"I don't think that being a strong person is about ignoring your emotions and fighting your feelings. Putting on a brave face doesn't mean you're a brave person. That's why everybody in my life knows everything that I'm going through. I can't hide anything from them. People need to realise that being open isn't the same as being weak."

- Taylor Swift

Thursday, September 02, 2010

Safe Makeup

In Australia, any foodstuff must have every single ingredient must be clearly labelled, plus a 'best before' or 'expiry' date, for it to be legally sold. Of course, the big companies who put crap into the food they expect us to eat have a way around that - they put scientific names on the labels, just to get us nicely confused. But still, at least the ingredients are there.

The same cannot be said about cosmetics.

Think about it. You put cosmetics all over your face. You swallow about fifty percent of your lipstick. All your eye makeup goes right up into one your most delicate organs. Yet it is not a legal requirement to have every ingredient listed, or a satisfactory expiry date.

I have a makeup stash, like most women. And like most students, I don't have a lot of money to spend on makeup, so I can't buy all those posh brands that are perhaps a bit more reliable than the stuff you find in two dollar shops.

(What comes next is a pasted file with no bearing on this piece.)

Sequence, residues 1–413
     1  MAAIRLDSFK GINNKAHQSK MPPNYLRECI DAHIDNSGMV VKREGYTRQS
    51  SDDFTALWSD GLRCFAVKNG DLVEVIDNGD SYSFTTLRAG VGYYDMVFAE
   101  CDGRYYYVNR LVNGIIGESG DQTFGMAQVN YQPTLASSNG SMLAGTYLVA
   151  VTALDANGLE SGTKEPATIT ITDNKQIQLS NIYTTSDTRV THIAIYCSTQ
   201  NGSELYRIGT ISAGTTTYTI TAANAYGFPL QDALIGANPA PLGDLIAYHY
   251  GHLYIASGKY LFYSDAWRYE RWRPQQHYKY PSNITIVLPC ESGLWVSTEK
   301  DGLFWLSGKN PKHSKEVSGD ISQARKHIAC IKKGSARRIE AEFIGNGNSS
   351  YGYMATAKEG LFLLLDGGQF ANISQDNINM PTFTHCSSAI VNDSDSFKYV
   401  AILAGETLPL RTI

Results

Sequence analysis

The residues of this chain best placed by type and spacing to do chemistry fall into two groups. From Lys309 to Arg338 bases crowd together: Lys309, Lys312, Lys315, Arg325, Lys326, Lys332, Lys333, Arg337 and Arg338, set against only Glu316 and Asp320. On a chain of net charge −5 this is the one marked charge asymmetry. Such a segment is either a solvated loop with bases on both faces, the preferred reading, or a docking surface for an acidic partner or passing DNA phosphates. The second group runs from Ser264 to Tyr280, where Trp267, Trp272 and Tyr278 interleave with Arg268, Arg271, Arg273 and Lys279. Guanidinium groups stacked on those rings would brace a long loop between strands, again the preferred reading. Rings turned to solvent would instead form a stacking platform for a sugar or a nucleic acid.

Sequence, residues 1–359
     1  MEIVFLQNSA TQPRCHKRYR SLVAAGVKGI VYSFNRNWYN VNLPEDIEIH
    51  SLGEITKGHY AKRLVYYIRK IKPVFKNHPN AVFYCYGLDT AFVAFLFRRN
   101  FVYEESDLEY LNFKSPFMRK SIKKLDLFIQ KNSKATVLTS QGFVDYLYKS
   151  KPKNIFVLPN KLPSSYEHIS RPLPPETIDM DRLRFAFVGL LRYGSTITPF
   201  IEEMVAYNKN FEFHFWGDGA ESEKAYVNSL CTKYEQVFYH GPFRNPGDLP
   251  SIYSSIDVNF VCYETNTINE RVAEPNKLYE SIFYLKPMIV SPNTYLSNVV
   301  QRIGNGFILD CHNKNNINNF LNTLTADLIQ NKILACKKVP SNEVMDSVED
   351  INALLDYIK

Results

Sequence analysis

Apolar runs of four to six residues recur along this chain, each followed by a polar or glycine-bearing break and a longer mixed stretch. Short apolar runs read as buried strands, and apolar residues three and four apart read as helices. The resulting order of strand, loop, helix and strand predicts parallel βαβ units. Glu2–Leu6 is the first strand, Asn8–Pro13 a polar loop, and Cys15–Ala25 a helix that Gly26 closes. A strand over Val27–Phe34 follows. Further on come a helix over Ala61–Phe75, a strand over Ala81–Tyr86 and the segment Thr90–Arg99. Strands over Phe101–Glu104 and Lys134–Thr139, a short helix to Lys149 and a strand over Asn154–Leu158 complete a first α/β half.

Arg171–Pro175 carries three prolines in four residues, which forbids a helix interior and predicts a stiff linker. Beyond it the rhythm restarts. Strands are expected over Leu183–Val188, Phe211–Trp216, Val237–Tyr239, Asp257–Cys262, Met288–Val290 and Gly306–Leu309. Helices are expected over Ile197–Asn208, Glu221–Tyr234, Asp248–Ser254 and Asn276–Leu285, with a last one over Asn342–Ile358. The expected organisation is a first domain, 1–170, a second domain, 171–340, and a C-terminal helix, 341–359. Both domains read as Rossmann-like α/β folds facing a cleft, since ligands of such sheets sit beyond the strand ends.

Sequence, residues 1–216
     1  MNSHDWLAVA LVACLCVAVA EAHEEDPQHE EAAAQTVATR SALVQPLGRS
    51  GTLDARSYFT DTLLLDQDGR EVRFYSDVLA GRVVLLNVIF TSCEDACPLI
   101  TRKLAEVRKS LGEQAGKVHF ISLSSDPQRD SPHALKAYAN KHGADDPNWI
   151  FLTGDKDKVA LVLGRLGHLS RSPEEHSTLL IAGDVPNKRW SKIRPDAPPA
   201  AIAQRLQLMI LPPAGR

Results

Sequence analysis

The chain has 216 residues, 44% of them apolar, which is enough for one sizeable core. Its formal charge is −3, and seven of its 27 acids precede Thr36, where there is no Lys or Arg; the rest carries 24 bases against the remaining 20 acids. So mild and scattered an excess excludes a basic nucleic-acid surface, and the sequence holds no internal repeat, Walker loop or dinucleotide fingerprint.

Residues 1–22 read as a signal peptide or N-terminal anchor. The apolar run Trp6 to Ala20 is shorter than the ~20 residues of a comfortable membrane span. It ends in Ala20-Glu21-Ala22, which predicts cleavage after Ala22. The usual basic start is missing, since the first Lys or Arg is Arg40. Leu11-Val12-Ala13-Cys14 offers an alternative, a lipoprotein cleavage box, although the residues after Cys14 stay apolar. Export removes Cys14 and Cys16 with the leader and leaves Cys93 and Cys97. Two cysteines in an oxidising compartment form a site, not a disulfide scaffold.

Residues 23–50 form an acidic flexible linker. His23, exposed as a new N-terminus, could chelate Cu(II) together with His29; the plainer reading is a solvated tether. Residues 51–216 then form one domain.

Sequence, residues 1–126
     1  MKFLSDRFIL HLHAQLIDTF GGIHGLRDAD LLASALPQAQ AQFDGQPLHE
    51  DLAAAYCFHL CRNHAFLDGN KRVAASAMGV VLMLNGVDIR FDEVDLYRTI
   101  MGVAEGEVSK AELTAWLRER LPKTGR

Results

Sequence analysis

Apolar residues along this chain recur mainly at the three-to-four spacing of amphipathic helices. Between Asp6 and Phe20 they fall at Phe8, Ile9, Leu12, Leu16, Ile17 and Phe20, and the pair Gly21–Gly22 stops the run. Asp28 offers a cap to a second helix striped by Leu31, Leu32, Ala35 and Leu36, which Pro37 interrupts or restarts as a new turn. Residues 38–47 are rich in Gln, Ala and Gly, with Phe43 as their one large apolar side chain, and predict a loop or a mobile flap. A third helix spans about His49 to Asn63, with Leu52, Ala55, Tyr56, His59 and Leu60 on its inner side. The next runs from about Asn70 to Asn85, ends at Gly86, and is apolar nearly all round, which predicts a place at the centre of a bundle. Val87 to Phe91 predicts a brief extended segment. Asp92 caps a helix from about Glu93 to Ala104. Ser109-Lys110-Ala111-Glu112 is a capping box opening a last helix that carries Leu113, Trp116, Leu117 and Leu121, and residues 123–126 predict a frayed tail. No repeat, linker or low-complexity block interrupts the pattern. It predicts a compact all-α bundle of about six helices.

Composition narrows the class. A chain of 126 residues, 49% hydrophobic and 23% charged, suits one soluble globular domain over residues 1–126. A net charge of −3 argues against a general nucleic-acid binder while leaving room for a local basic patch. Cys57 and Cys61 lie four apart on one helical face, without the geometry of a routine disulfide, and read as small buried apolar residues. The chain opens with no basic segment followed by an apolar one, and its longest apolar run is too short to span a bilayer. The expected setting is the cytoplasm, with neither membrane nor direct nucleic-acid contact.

But just as it is my right to know what I am eating, I think it is my right to know what the hell I'm putting on my face. It should be a legal requirement for all cosmetics, skincare, haircare and other beauty products to have a full list of ingredients and an expiry date, no matter what the price tag is.

I know, I know. You're probably saying that I shouldn't wear makeup. But who are you to tell me that?

1 comment:

Adelaide Dupont said...

I remember feeling betrayed when I read the book Cosmetics or something like this, where there was a list of "active ingredients". (Jon Entine and the Body Shop come into mind here).

In this sense, cosmetics are more like medicine than like food, because they affect your skin and your insides. (At least the care cosmetics are. The decorative ones may not be).

It's about being an informed consumer, isn't it?

Here's the book (which is now in its 8th edition)
Don't go to the cosmetics counter without me

Paula Begoun is a great writer and very wise lady in that regard.

(She has a good book about hair products as well: did you know that L'Oreal started as "The Harmless French Hair Company"?).

And there are ways to make your own cosmetics, rather like making sauce.

Don't know of any specifically Australasian books in that regard.